Treasury bond yields in the United States experienced a state of flux in 2022, rising and falling based on contradictory economic news. This year, the 10-year Treasury yield has reached 4.3%, and some market observers expect it to reach 5%. But there are doubts that this could end up crystallizing. Some experts consider that the return on the reference asset in fixed income will end up falling, so it could be creating an attractive potential entry point for fixed income investors.
For Treasury yields to fall, at least one of three conditions would need to materialize: further evidence of a slowdown in the US labor market; a continued slowdown in inflation towards the Federal Reserve’s 2% objective, despite the fact that it has risen five tenths in annual terms to 3.7%; and continued weakness in mid-sized US regional banks. At the moment, we are seeing signs of all three, although this does not mean we cannot see short-term volatility in rates as economic data is released.
Borrowing costs have increased for many small and medium-sized businesses, and employers will ultimately have to decide whether it makes sense to continue adding to their workforce. As the excess savings of American consumers accumulated during the pandemic dissipates, the response may be increasingly negative. “Despite steady but slow job growth so far in 2023, jobs are starting to tighten and wage growth is stabilizing, which could portend a slowdown in consumer spending in the near term,” says Matthew Sheridan. manager of Alliance Bernstein and expert in fixed income strategies.
Inflation is also slowing, although not as quickly as policymakers would like. The personal consumption expenditures price index – the Federal Reserve’s preferred barometer of inflation – rose 0.2% in July for the second straight month, which has put some upward pressure on yields. Still, its annual rate of sale is the lowest it has been in more than two years. In addition, regional banks face liquidity pressures. The Fed’s Term Bank Financing Program, designed to shore up liquidity in the U.S. banking system, is set to expire in March 2024.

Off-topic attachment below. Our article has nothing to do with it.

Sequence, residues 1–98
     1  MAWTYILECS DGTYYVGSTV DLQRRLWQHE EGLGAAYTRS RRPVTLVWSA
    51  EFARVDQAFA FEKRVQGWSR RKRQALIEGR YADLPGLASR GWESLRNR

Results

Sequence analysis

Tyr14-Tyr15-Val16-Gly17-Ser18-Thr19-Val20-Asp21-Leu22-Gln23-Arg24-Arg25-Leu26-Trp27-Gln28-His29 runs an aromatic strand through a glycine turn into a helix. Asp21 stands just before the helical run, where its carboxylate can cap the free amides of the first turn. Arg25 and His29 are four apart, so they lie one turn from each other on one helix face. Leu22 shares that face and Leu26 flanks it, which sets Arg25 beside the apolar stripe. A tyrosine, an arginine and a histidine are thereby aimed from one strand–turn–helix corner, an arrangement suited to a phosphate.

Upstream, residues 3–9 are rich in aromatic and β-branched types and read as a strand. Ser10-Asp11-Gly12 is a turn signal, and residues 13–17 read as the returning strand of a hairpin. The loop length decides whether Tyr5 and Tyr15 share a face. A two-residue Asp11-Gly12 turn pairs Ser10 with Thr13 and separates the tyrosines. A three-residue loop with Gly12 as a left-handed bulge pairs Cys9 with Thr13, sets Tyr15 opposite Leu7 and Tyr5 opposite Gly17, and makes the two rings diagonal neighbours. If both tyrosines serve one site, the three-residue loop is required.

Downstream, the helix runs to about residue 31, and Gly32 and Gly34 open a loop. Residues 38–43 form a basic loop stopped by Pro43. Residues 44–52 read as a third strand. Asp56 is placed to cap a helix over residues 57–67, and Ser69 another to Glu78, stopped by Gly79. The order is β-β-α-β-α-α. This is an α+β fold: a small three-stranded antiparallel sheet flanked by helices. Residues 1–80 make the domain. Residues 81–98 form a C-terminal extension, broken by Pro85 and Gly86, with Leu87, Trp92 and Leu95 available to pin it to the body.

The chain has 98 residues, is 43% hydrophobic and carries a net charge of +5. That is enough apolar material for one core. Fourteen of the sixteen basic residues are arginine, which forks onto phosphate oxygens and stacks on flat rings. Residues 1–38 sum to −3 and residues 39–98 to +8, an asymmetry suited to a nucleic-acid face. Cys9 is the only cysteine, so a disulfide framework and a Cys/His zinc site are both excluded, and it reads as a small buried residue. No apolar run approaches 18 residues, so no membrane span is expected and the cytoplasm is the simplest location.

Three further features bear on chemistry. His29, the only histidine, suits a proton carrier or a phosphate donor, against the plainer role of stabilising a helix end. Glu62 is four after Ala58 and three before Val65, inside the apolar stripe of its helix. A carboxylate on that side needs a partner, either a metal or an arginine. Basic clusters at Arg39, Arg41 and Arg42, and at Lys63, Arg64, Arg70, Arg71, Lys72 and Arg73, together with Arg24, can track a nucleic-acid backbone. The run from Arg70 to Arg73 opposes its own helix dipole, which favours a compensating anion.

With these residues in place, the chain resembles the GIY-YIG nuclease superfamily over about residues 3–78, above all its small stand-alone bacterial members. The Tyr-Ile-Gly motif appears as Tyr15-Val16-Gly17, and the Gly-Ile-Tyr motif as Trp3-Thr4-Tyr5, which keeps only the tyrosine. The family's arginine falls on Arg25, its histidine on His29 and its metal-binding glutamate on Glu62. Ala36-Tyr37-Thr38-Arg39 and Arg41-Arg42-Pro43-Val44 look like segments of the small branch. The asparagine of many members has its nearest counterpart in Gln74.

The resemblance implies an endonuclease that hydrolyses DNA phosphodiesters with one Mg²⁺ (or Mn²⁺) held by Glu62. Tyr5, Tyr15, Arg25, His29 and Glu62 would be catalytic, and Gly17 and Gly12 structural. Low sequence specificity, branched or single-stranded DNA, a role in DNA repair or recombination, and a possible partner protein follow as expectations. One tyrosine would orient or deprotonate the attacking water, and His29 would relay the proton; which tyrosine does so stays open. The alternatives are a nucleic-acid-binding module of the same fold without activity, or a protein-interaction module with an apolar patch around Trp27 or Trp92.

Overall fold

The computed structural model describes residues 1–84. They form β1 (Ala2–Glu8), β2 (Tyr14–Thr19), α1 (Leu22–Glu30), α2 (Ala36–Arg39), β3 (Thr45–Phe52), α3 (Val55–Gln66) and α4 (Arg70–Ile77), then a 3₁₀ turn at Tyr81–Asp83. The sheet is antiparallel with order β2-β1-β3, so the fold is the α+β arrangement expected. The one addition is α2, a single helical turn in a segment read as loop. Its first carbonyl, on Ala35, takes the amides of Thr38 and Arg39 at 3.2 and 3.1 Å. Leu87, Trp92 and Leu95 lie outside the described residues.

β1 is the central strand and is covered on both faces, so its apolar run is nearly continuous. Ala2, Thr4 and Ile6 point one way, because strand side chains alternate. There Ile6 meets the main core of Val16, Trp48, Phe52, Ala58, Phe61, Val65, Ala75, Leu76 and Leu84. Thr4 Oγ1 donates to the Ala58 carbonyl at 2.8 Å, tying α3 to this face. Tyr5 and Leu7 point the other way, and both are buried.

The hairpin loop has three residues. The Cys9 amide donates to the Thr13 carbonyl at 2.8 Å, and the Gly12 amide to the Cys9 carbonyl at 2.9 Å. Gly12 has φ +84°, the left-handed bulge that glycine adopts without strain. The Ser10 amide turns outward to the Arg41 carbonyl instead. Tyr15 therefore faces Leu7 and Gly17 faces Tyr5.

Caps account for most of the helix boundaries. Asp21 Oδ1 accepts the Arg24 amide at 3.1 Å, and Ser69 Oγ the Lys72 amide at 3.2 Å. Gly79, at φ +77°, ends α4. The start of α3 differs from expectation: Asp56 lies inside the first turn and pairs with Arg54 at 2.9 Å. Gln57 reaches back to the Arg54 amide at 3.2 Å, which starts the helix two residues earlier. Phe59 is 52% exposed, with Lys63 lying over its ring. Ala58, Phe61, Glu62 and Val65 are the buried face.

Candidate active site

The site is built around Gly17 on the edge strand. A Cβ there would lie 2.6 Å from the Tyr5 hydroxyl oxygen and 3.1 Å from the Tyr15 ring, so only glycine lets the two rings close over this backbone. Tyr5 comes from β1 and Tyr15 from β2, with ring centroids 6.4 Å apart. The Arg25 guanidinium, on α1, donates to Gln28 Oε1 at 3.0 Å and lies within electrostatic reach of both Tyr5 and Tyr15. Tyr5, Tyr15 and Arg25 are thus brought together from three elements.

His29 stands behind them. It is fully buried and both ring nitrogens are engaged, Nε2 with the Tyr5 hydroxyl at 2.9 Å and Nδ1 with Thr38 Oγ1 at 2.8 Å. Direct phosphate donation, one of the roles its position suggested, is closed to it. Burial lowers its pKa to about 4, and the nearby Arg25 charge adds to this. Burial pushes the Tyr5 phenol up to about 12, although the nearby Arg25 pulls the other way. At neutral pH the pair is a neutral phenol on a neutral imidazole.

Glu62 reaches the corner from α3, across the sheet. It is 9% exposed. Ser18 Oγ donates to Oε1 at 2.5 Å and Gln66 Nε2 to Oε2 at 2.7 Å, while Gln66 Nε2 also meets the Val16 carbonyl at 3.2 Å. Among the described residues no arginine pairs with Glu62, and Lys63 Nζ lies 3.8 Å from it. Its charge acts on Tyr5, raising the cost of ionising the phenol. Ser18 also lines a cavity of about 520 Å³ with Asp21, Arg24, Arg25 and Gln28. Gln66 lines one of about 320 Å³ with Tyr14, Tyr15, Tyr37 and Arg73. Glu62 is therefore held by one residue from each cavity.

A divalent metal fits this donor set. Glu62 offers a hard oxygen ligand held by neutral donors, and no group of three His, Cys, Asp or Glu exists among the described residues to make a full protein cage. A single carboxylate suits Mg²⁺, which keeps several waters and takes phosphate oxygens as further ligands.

With bank liquidity a lingering concern and regional lenders seeking to offload private credit debt and leveraged loans from their balance sheets, regional banks may provide the Fed with one more risk to consider. This is especially true given their importance as lenders to small and medium-sized businesses.
The pressure of economic risks.
Treasury yields could also fall if other barometers of economic health deteriorate. The ISM Purchasing Managers’ Index – a reliable indicator of business confidence – was weaker than expected in August. Historically, there has been a relationship between PMI levels and Treasury yields, so this index will need to be watched.
The US budget deficit could also play a role. According to the Congressional Budget Office, the accumulated deficit for the period 2024-2033 is expected to exceed $20 trillion, or more than 6% of US GDP. Exceeding the 6% threshold is a historical rarity. If the cost of servicing debt increases, the US government will not have as much to spend on other programs, which could become an impediment to economic growth.
Of course, the Federal Reserve will have the final say. With the target federal funds rate at 5.25-5.5%, monetary policy is already in restrictive territory. “If economic growth is stable but inflation continues to slow, the Federal Reserve is likely to guide interest rates toward its neutral rate of 2.5%,” Sheridan says. “If the United States goes into recession, rates could go down even further,” she adds. In this sense, it would not be necessary for there to be a single catalyst for the economy to slow down. Any combination of factors could turn the tide. “In the current situation, we anticipate that the ten-year Treasury yield will be between 3.5% and 4% at the end of the year,” the AllianceBernstein expert specifies.
Attractive prospects for bonds
For fixed income investors, this could be a good entry point or an opportunity to extend duration. “Bond valuations are attractive and, despite the potential economic slowdown, corporate issuers are in a much better financial position than they were entering past downturns, with solid balances and high interest coverage ratios” , Sheridan says.
But with high yields, timing is critical. “In our view, investors should consider combining government debt with longer-term, high-yield credit that can benefit from lower rates in the future,” Morgan Stanley said in a recent report. “Such a diversified strategy can balance interest rate and credit risk, with high-yield bonds providing income and government securities that will offer the latter if market conditions become choppy,” concludes the analyst at the US fund manager.